China slowdown forces devaluation

Yuan notes Image copyright AFP

The world's investors have been obsessing with when the US Federal Reserve will end the era of near-zero interest rates, as America's economy returns to almost-normal shape.

But maybe they've been looking at the wrong monetary tool and the wrong economy, in respect of what matters to the flows of capital across borders and economic activity.

Because the decision of the People's Bank of China (PBOC) to devalue the yuan by 1.9% will have global ramifications, in the short, medium and long-ish term.

Immediately it will increase the competitiveness of China's exports at a time when the country's economy is growing at its slowest rate for six years - and when many economists fear that the slowdown will become much more painful and acute.

And for all the spur to growth it may give, the devaluation will reawaken concerns that Beijing is still a million miles from having re-engineered the Chinese economy to deliver more balanced growth based on stronger domestic consumer demand.

The weakening of the currency will also put the US Fed on the spot.

In effect China is exporting deflation to the US - and so some will argue that the Fed should find an elegant way to back away from its recent signalling that September will see the first rise in interest rates since the Crash of 2008.

Or to put it another way, in terms of US manufacturers and exporters, Beijing has done the monetary tightening that arguably the US economy needs.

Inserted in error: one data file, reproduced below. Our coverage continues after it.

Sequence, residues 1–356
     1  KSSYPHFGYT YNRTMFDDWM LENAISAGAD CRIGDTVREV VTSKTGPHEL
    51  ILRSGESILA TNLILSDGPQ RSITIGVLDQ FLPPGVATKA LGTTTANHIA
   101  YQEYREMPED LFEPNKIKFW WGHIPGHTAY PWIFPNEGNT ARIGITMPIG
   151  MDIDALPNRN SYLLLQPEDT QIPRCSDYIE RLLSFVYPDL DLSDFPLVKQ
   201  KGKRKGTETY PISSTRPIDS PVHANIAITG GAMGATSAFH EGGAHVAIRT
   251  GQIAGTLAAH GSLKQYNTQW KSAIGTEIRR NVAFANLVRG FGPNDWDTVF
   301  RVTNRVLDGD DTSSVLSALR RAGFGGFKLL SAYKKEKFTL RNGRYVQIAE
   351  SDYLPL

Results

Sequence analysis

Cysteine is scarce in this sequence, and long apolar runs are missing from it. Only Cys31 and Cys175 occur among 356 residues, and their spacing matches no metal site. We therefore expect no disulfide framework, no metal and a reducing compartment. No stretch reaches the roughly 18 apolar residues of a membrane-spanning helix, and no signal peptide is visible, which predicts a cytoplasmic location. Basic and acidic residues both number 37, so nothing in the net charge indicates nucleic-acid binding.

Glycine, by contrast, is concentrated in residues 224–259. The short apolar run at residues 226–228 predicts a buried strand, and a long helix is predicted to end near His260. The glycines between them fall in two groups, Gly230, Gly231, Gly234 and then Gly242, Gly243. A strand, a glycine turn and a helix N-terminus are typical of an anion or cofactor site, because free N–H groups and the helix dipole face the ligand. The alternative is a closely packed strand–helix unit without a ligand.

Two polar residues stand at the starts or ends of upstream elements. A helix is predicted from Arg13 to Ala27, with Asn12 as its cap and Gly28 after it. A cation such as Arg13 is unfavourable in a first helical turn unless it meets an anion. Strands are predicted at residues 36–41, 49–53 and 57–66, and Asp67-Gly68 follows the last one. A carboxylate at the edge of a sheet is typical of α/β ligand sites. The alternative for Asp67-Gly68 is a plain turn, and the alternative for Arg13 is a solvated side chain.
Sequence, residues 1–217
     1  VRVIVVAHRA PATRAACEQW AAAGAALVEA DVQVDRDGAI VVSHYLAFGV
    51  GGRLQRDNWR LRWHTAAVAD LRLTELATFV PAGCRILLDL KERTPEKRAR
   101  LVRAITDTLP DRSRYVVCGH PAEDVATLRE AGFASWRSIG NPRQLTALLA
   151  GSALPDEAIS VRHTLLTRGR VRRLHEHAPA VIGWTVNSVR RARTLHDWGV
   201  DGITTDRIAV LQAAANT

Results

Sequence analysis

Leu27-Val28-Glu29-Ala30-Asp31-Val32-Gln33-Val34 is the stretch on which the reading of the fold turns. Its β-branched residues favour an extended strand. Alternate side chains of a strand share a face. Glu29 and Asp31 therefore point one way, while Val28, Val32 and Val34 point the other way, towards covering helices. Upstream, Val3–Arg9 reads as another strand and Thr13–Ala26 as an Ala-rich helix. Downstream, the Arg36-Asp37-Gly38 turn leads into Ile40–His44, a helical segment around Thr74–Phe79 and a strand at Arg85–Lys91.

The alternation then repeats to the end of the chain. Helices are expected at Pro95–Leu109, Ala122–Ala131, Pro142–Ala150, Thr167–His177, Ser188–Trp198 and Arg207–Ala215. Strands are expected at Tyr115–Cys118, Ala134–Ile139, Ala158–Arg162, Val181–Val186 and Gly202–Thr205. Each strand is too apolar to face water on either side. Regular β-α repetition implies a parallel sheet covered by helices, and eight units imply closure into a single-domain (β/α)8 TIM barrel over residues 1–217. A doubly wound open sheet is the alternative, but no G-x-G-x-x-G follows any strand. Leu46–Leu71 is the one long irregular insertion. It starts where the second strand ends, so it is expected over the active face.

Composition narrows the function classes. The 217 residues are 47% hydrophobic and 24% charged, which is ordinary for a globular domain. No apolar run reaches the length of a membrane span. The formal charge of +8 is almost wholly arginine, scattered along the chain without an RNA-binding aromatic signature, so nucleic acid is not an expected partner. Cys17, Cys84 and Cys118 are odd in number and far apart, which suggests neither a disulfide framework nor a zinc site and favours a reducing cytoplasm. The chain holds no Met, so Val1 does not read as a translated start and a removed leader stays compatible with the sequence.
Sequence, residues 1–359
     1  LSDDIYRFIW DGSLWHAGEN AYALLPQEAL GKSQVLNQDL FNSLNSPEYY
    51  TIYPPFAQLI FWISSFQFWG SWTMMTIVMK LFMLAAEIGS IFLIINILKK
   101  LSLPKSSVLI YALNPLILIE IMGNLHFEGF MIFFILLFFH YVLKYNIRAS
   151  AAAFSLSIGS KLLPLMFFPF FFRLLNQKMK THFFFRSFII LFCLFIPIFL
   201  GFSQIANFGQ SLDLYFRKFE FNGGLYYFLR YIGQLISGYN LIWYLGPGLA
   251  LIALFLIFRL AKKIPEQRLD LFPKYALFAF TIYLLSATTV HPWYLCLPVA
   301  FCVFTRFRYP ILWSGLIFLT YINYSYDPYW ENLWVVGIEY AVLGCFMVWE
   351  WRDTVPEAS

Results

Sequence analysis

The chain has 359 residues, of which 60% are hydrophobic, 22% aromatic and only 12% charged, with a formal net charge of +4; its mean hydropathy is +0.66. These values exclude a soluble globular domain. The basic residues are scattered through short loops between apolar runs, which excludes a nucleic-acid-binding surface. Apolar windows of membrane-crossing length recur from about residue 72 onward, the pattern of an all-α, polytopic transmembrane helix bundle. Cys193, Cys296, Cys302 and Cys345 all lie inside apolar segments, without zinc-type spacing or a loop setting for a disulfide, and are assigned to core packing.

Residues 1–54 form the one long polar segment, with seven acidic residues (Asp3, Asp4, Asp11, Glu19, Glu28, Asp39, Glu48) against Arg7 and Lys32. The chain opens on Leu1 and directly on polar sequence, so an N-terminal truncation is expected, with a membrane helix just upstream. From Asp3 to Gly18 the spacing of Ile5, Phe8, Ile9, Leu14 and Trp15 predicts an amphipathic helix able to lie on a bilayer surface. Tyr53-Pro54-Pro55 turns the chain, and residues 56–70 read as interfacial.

As for the medium term ramifications, China will yet again spark concern in Congress that it engages in unfair trade competition.

Doubtless presidential candidates, especially on the Republican side, will complain more about China's attempt to rebuild export market share than fret about the implications of its seemingly unstoppable slowdown.

In the longer term it is unclear whether the devaluation will set back China's ambitions for the yuan (also known as the RMB) to become a reserve currency, as per the IMF's definition.

IMF economists and central bankers who adjudicate reserve currency status take into account whether a central bank forces devaluations or revaluations in a way that distorts the operation of a free market.

The PBOC is saying that in weakening the yuan overnight it is also moving to a more market-determined exchange rate.

And that may be so, in the sense that in recent weeks all the market pressure on the yuan has been downward - because of the unfortunate fact that the flaws in China's economy have become more and more conspicuous.

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